I love playing live as well. It's something I've always found easy to do. I become a different person on stage. This big headed show off comes out from goodness knows where and I have no idea what I'm doing or any control over it. At its best, when they know the songs, it's almost as if I can play the audience like a musical instrument. It's all I want really, just the ability and wherewithal to play.

S4L: The poster for your up and coming tour says "former frontman of UK punk legends The Boys" - am I reading too much into that or have you set yourself apart from The Boys and now focusing on your solo career?

DR: I left The Boys a year ago just before I started recording the album. The last concert was in Osaka, Japan so, yes, it's all about spreading the word for Little Big Head now.



S4L: You recently played in Germany? How did that go? You seem to be well liked over there? Does it excite you that people still come out to see you?

DR: We've played two tours of Germany, a couple of London shows including the 100 Club and Leafest. The reaction has been great. The new songs have gone down so well, I've played a couple of Mattless Boys songs and, of course, it's always great playing some old Boys classics.

I'm really lucky that The Boys' name gives me the ability to play live but I sense that it's really going to build with a new following in the future. I'm really, really grateful to everyone who comes along.

S4L: The Boys released some brilliant singles and albums back in the late 70's, why on earth do you think that the band were not bigger and more known? You always seemed to hit some bad luck with your record companies, did that dishearten you or did that just spur you on to do the best that you could do when you had the opporunity to play live?

DR: I think there were a number of reasons why The Boys were not as big as they should have been. There was certainly bad luck involved like Elvis Presley dying when we had the same distributor and our album had just been released. Part of it was down to ourselves though. Drinking and the search for a good time was always high on the list of priorities for The Boys.

S4L: Are you amazed at how the music of The Boys has stood the test of time and is being discovered by younger audiences and spoken of as being an influence of some of the bands who are currently in the limelight? Did you ever imagine when you first put out 'I Don't Care/Sick on You' that people would still be listening 35 years later?

DR: When we recorded our first album I imagined that we would be bigger than The Rolling Stones so I'm not at all surprised that those early records are still being listened to.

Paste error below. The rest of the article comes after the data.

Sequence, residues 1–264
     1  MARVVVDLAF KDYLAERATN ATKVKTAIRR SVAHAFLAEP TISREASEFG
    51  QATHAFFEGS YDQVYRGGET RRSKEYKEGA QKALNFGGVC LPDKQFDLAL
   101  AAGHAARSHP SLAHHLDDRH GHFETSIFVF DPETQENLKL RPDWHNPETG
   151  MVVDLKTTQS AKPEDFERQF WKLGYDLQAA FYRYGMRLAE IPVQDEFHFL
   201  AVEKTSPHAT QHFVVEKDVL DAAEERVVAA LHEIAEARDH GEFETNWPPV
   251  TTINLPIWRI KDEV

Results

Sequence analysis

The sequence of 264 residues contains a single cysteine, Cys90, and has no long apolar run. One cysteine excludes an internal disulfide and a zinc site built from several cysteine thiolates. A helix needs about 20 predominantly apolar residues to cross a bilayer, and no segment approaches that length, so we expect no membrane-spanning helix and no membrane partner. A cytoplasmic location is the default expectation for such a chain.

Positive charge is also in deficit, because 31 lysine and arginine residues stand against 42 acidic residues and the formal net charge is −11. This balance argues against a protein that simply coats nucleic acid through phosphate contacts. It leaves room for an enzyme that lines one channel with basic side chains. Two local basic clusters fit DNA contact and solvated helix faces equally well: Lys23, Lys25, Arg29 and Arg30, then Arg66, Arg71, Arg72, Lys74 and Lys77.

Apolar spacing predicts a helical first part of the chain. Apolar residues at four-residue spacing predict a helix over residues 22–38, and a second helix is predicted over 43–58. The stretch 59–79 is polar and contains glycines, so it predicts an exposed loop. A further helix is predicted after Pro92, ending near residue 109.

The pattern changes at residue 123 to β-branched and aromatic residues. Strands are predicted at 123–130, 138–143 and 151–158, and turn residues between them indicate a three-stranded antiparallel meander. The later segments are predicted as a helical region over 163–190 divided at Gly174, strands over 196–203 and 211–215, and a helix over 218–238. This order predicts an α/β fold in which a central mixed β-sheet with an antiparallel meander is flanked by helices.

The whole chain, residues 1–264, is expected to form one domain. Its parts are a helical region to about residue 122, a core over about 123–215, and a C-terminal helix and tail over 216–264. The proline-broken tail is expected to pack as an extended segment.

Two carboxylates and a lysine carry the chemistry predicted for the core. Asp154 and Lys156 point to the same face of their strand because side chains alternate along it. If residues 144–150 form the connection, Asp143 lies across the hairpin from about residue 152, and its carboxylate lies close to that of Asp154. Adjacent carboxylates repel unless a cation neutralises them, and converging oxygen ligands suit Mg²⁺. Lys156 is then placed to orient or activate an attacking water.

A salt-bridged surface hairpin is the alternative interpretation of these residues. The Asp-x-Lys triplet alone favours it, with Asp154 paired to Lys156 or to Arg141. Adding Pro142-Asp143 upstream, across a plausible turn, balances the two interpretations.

When The Boys got back together in 1999 after an 18 year break, though, I was amazed that there was this following all around the world, From Japan to South America, Germany, Italy, Spain, the USA etc.

I really like hearing the bands, big and small, all over the world covering the songs. It's flattering to hear groups like Green Day using riffs and chord changes taken directly from Boys songs. There's nothing wrong with borrowing musically. Anyone who's any good has done it from year dot.

S4L:Do you have a favourite moment/record/gig from those early days of The Boys?

DR: It's quite hazy to be honest. Touring with The Ramones was great because they meant so much to me. I remember a festival at Mont de Marsan in France where The Clash, Damned, Jam, Police, Dr Feelgood and we were playing. Heady days. Captain Sensible fell off the stage and was carried off on a stretcher. He sat up halfway to the ambulance, jumped off and ran away from the chasing ambulance men.

S4L: Do you have a favourite artist and album/song that has been part of your soundtrack4life down through the years?

DR: If there was just one record to take to a desert island it would be The Ramones second album 'Leave Home'. Hard choice between that and The Beatles 'White Album' though.

S4L: After years in the music business if you were given the opportunity to share three things with up and coming bands that will help them in their journey what would those three things be?

DR: Don't crap on people. Good manners and consideration are free. It's easy to get bigheaded when everyone's saying you're great.
Try to be as good as you can be.
Try to enjoy it.

S4L: Lastly, if Duncan Reid of 2012 managed to find a time machine and went back to 1977, what would he say to Duncan Reid as he is just starting out his recording career as a piece of sound advice?

DR: Don't sign to NEMS record label because Polydor are going to come along in a few weeks wanting to sign you and when they can't they will sign The Jam instead! Other than that there's nothing I could change so I wouldn't bother.


photos courtesy of Duncan Reid